Looked into Bardsley's paper, Altruism or Artefact? A Note on Dictator Game Giving. A good paper with valid points. For me, the interesting experimental question is: would we expect secular people to be more, about the same, or less inclined toward giving behavior than religious people, within the context of a simple allocation game with no possibility of extrinsic reward. Most religious people have a bias that secular people are somehow inherently more selfish and less altruistic since they don't have religious moral training. Personally, I would have thought that results of the dictator game would have been about the same for both secular and religious groups, with neither group being more or less altruistic. It should be noted that the study is incomplete because the sample size was big enough to evaluate only Christians, Muslims and atheists. Buddhists, and other faiths, were not significantly represented.

The other part of the study involved moral sensitivity (passing judgement and punishment). The results there were no surprise to me.

The whole point of this, in a round-about way, is that a rise in secularism doesn't necessarily imply a decline in ethical (altruistic) behavior, or even spirituality (ala Solomon mentioned earlier). That is a very different situation than the relationship between the rise of secularism and the decline of dharma. There are clearly aspects of secularism antithetical to propagation of the Dharma. After all, the Dharma is more than just ethics.
Last edited by anjali on Mon Nov 09, 2015 2:56 am, edited 1 time in total.
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Re: Dharma Decline

Post by DGA » Mon Nov 09, 2015 2:33 am

Arjan Dirkse wrote:
dharmagoat wrote:
Arjan Dirkse wrote:The dharma is the dharma. It is not the corrupt institution of Buddhism.
We see the dharma through the lens of institutional Buddhism. Buddhism defines 'the dharma'. How can they not go hand in hand?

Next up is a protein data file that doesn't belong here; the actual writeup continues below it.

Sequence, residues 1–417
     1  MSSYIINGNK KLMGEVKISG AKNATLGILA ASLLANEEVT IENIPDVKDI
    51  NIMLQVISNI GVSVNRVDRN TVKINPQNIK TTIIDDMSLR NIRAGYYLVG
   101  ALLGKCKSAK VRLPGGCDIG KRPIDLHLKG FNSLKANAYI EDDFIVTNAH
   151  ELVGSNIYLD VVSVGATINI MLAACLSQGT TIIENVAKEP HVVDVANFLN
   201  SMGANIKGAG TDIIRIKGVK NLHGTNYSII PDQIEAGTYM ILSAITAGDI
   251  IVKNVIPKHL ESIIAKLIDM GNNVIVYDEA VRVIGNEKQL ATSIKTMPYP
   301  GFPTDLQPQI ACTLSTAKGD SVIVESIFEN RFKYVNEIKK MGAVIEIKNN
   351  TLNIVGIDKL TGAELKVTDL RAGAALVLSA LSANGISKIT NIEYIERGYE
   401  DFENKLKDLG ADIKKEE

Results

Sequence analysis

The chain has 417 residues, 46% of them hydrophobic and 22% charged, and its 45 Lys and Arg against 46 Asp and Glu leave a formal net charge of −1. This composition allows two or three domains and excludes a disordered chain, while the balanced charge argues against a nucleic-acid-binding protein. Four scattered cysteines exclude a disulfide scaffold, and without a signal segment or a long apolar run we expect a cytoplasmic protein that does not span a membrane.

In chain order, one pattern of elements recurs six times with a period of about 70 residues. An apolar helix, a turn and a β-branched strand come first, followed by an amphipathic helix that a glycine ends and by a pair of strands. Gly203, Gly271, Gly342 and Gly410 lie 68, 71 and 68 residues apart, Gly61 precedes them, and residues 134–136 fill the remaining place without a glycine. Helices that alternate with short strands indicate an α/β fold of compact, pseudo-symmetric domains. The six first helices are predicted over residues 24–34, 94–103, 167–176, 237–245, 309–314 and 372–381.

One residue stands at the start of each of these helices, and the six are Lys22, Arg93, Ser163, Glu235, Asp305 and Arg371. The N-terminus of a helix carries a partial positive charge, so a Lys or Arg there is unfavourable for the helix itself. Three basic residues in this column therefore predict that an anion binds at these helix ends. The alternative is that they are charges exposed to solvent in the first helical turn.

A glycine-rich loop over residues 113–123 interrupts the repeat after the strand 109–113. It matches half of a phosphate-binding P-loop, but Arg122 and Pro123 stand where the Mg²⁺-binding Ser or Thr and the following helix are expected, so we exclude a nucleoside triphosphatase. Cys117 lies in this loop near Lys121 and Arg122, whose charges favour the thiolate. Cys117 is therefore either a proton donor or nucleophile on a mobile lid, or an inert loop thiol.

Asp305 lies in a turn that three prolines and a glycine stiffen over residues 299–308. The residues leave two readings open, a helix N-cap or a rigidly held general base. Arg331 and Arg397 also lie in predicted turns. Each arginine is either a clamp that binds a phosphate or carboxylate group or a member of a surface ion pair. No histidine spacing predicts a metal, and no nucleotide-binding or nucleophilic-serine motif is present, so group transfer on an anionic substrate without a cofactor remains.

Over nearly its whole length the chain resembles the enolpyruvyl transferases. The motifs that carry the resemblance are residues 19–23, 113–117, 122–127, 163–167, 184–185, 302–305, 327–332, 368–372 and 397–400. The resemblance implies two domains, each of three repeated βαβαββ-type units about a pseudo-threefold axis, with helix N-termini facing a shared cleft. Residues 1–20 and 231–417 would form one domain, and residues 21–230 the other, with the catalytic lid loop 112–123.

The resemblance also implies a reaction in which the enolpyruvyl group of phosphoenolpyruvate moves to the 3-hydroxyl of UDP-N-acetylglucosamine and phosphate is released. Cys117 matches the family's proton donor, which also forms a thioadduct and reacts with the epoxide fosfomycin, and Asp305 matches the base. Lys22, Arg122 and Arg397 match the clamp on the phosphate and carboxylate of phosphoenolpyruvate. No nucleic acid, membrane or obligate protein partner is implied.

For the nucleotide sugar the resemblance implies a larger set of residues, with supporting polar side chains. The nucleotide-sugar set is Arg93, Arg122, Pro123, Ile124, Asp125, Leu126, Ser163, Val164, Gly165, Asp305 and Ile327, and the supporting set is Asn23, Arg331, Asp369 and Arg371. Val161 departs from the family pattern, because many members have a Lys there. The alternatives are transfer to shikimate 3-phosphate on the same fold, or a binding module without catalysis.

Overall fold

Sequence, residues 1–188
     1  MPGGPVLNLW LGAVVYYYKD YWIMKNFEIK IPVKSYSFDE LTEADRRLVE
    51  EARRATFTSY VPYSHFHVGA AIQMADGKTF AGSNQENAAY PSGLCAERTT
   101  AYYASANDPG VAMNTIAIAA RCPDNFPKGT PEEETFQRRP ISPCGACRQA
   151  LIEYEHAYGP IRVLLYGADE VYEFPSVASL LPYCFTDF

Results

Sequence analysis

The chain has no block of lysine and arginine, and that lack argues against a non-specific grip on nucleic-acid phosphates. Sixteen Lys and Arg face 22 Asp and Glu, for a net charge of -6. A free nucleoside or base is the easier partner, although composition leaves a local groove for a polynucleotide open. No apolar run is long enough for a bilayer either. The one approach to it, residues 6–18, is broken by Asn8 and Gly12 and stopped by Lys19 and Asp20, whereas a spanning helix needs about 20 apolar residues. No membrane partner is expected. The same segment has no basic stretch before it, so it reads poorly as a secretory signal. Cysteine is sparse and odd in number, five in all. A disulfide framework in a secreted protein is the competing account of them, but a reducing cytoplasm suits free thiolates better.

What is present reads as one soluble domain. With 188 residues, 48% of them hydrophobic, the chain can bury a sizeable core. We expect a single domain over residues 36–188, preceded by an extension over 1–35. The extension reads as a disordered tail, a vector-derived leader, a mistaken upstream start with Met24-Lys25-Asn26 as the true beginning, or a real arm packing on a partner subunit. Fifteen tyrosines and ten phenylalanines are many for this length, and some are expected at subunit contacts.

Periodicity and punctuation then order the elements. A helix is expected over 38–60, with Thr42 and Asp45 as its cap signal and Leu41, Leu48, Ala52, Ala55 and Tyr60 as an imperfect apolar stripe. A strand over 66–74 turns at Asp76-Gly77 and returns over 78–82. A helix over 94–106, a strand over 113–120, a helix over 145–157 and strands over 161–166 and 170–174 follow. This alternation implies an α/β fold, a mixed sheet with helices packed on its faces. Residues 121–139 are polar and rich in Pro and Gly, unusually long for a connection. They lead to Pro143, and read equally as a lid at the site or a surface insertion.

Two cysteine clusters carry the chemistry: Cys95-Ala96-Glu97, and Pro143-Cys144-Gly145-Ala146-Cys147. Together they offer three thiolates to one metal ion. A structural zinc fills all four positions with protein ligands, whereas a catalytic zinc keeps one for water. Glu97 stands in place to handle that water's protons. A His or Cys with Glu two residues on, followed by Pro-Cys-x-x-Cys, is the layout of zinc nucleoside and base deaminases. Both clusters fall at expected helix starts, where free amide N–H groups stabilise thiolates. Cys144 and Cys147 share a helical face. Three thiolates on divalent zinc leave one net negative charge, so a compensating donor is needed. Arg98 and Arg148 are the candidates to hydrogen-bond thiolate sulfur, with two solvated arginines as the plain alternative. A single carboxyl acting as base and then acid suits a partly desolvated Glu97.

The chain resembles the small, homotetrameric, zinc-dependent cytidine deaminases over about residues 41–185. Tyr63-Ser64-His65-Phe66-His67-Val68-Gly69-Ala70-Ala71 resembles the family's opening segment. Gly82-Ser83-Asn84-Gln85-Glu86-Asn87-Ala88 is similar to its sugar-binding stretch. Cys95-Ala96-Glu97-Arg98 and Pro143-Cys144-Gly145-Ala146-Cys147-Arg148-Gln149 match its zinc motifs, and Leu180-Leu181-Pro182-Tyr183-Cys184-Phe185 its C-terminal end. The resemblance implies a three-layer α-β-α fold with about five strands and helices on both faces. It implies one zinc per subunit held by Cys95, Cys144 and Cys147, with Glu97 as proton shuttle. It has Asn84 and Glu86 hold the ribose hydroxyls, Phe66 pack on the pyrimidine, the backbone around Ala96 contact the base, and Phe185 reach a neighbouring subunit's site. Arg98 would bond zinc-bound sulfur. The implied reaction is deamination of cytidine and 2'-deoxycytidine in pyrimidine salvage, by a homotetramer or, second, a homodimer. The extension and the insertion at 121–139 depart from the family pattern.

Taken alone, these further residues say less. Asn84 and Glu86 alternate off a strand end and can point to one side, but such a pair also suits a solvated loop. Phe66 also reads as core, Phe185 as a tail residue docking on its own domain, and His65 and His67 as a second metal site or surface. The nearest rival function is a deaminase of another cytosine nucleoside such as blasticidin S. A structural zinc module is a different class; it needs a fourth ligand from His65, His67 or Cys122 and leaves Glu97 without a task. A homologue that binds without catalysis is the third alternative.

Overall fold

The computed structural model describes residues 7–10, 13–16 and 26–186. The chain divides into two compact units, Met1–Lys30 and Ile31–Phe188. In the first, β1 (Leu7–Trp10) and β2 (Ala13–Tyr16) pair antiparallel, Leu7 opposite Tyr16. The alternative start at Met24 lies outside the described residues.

Buddhism has its definition of the dharma. That doesn't mean institutional Buddhism always goes hand in hand with what the dharma is.

Lots of informed people are rightfully critical towards organized religion, including Buddhism. I understand why people turn away, and I think it isn't necessarily a bad thing. I think religion is mostly a bag of shit with a few pearls in it. And it's not as if those pearls are going away just because people look in a different direction. With all the books and translations in libraries and websites all over the world, Buddhism is accessible like never before, when people look for it it will still be there. And there may even be a few good teachers they can turn to.
How is the Dharma transmitted in the absence of social institutions committed to the systematic practice and transmission of Dharma?

Parenthetically, I don't think a critical position necessarily coincides with an antinomian or antiestablishmentarian or anti-institutional position. Buddhist institutions have a long history of honing very effective dialecticians and debaters; if you want critical thought (in the Kantian sense of self-reflexive thought), can you do much better than Madhyamaka?

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Re: Dharma Decline

Post by boda » Mon Nov 09, 2015 2:53 am

maybay wrote:
boda wrote:
Kim O'Hara wrote:I wouldn't mind at all (well, hardly at all) except that in losing religion we are losing ethics and morality (admittedly imperfect ethics and morality) faster than we can replace them with a more rationally based version of them.
That's a common assumption, but the facts tell a different story.

http://pitweb.pitzer.edu/academics/wp-c ... ompass.pdf